It all started as an innocent conversation between mother and son.
“Why do you have boobies, mommy?”
(Okay, maybe it wasn’t so innocent. And maybe, I had no idea how to answer his question.)
“Er…” I replied. Feeding and nourishing babies? A sexual organ? To fill out a tank top?
“I know why!” he interrupted. “It’s so you can look pretty!”
My son was just three years old at the time. And at his tender, sweet, pre-school age – he had already started to objectify women; making breasts an essential part of a woman’s attractiveness.
Okay, I’m being a little tough on him; especially taking into consideration his age, innocence and lack of exposure to music videos. But it got me thinking just the same about the types of attitudes my boys will eventually have towards women. Will they see us as strong, smart and savvy? Will they respect women and accept women for all our faults and fabulousness?
There are many responsibilities I have as a mom of two boys, but there is none I take more seriously than instilling a healthy attitude and reverence for women. My boys can be:
Tweens that understand girls may be smarter, neater, faster or stronger – and that’s okay. In fact, it’s awesome.
Teenagers that respect a girl for their kindness, vibrant personality and spirit – not the length of their skirts.
Young men who realize that external beauty is temporary and fickle; it’s a woman’s inner beauty that is steadfast and needs to be worshiped.
Men who seek out before all, an equal; someone who will complement and champion them in every aspect of their lives.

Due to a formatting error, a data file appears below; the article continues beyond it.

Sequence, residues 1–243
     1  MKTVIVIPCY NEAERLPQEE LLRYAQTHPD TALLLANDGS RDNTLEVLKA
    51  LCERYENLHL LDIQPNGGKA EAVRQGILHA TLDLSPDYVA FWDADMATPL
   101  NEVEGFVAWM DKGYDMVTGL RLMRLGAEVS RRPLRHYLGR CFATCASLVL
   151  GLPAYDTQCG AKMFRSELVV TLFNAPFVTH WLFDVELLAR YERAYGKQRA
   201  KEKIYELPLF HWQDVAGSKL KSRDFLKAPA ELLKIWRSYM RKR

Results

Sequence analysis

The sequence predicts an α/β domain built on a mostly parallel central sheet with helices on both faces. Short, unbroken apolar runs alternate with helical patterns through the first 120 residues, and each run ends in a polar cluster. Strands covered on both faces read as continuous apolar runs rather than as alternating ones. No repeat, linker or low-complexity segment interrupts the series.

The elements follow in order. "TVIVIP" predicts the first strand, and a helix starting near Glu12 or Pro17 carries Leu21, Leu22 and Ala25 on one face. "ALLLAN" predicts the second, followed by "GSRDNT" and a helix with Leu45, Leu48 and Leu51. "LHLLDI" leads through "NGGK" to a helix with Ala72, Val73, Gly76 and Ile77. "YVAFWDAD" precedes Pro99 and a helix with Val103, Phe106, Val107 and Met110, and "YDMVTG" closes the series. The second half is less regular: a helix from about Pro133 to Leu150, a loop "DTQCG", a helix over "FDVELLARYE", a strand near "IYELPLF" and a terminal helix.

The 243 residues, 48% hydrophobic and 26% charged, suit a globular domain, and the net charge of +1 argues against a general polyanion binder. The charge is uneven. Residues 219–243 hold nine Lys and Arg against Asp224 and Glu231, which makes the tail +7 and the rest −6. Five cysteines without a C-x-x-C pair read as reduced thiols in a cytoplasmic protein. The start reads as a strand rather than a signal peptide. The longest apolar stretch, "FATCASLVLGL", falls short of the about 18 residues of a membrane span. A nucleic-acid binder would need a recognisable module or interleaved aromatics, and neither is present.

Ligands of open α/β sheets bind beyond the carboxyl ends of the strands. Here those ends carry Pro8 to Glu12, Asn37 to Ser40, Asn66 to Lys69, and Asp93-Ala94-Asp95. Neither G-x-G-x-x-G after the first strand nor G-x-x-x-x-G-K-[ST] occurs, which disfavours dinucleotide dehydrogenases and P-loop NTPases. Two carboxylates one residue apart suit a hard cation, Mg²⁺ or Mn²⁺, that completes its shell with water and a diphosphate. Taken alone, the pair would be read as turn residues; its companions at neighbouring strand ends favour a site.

Fathers that will teach their children the value of hard work, the courage to chase dreams and the power that comes from loving yourself.
That is what my boys can be. But to expect them to get there without a little (or a lot) of help from me is unreasonable. I can be:
A mom who leads by example. A woman who is rational, acts with purpose and intent, and loves fiercely.
A capable parent who does not conform to traditional “mommy” roles. I can paint the nursery, caulk the door frame and change a pot light.
A woman who understands that frolicking around in a bikini with your MUCH younger boyfriend, in front of your children, should (and will) be frowned upon.
A mother who takes time to do things for herself; who recognizes that passions, abilities and interests did not end when I had children.
A parent who understands that befriending your children is optional; parenting is the first priority.
Yes, I have boobies – and they do make me pretty. But I’ve also got a good head on my shoulders and two wonderful little boys with limitless potential. Together, we can be.